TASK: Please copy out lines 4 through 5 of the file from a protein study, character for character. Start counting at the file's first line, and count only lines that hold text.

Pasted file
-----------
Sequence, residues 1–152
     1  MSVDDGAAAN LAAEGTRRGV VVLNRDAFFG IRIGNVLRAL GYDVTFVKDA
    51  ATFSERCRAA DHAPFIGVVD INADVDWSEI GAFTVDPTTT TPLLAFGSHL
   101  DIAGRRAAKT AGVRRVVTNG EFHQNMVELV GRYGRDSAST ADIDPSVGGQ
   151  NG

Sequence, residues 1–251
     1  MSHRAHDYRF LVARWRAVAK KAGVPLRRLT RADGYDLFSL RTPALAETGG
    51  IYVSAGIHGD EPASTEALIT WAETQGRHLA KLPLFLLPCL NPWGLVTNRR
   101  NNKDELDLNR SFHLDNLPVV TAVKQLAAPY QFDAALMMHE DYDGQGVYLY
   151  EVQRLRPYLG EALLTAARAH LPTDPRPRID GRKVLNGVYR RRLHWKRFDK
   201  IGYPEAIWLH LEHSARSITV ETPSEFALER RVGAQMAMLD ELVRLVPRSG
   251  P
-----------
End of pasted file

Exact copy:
   101  DIAGRRAAKT AGVRRVVTNG EFHQNMVELV GRYGRDSAST ADIDPSVGGQ
   151  NG